The definition of insanity is doing the same thing over and over again, expecting different results.
So in a world where we get the same generic superhero origin movie, over and over, expecting something different to wow us, it would seem that a movie like Joker would be the most sane thing we could experience. A movie that fights to ask a moral question, while presenting a profile on an individual that is just as likely to be sitting in the theater themselves, as well as breaking down the same as the character on screen, all included in a decisive character that belongs on the pages of a comic book. This movie cut hard at the realism that influences the comics that bore the character in the first place.
Joker is an interesting movie. I can’t say I can’t say I loved it, but I can’t say anything bad about it, really. Cinematically, it’s captivating, the acting from Joaquin Phoenix is absolutely flawless, and it helps define DC’s growing corner of the blockbuster industry.
Arthur Fleck is a down-on-his-luck guy who takes care of his mother, works to make people happy and can’t seem to connect with anyone. When he loses his job and ends up letting loose for the first time, he kills three young bankers who work for Thomas Wayne (Bruce Wayne’s old man). This set off a revolution in the city of Gotham, with the poor pushing to change the status quo of the rich on top. This happens mostly in the background of the movie, while we focus on Arthur. He deals with understanding himself in his psychosis more, a new girlfriend, the truth about his mother, father and past,as well as working on his comedy routine.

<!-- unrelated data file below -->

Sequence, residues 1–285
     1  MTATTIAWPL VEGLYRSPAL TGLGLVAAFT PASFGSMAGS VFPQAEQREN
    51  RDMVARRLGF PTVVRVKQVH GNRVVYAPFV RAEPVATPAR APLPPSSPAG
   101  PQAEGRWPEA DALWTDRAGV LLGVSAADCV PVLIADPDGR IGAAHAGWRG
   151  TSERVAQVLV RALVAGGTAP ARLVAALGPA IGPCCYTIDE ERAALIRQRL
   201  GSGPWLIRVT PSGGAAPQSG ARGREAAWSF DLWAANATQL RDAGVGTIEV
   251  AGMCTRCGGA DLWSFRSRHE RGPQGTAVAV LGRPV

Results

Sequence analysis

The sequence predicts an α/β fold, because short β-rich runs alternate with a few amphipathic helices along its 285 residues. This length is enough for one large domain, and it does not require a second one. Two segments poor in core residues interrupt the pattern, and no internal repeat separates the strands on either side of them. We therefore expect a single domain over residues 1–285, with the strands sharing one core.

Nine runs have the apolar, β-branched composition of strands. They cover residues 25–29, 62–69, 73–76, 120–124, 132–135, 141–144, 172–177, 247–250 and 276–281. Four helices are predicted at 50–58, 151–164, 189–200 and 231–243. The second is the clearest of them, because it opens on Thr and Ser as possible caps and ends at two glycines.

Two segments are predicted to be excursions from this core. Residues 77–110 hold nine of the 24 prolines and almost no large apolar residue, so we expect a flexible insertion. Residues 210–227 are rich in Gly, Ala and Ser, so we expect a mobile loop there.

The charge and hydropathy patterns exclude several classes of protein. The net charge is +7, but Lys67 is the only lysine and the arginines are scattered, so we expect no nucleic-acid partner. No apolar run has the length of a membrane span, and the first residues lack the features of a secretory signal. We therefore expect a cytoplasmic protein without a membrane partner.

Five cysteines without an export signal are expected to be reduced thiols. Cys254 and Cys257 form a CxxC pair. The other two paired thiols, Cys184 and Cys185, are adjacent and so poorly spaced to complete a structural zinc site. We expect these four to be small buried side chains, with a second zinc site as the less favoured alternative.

This all culminates in a final act that leaves you wondering where the line between reality and fantasy stands, and which side Arthur and the audience see it all from.
This story takes a few different ideas from the comics books and mashes them into something like a biopic film about the creation of a serial killer. We push past the pages of the Joker in comic form, understanding and sometimes seeing his chaos and murderous deeds. But then we move on to the Batman, and other villains, and the reality of Joker’s existence fills into background, motivation, plot.
This movie takes human life, and creates much more depth and weight to every person involved. The Joker kills in this, but it’s not so that Batman can catch him and put him in jail. The Joker kills because apathy leads to descent into darkness. He kills because it’s the only time he knows that he even exists, and because he can. The lives that are lost are felt with a pitted stomach and a question of, is this the line that he had to cross, or will there be more before he finally accepts who he really is, a villain?
To be fair, this movie does take its time. Only the last 15 minutes of the film are what I expected for the majority of it. So there is a bit of time where you’re asking yourself, “When will it get good?” “When are we going to see Arthur transform?” “When will he start to cackle at his own humorless and dark jokes?” You better get comfy cause it’ll be a while. Sure, you get small appetizers along the way, but if you’re going to this movie to see “The Joker” in all his pomp and frill, you will walk away disappointed.
This is a deep and, on many levels, disturbing movie. But if you’re a fan of what comic books really try to achieve with storytelling, then I think you’ll enjoy this film. If, on the other hand, you’re going just to see Batman to bash in another villain’s face, well. I guess the joke’s on you.
Photo courtesy Warner Bros. Pictures.